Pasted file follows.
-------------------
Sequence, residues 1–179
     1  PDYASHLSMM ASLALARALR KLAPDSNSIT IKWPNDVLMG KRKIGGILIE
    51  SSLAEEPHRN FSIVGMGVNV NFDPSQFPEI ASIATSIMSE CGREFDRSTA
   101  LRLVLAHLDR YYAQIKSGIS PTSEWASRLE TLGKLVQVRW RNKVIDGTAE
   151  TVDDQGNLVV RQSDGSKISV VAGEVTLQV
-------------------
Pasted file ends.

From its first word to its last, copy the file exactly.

Sequence, residues 1–179
     1  PDYASHLSMM ASLALARALR KLAPDSNSIT IKWPNDVLMG KRKIGGILIE
    51  SSLAEEPHRN FSIVGMGVNV NFDPSQFPEI ASIATSIMSE CGREFDRSTA
   101  LRLVLAHLDR YYAQIKSGIS PTSEWASRLE TLGKLVQVRW RNKVIDGTAE
   151  TVDDQGNLVV RQSDGSKISV VAGEVTLQV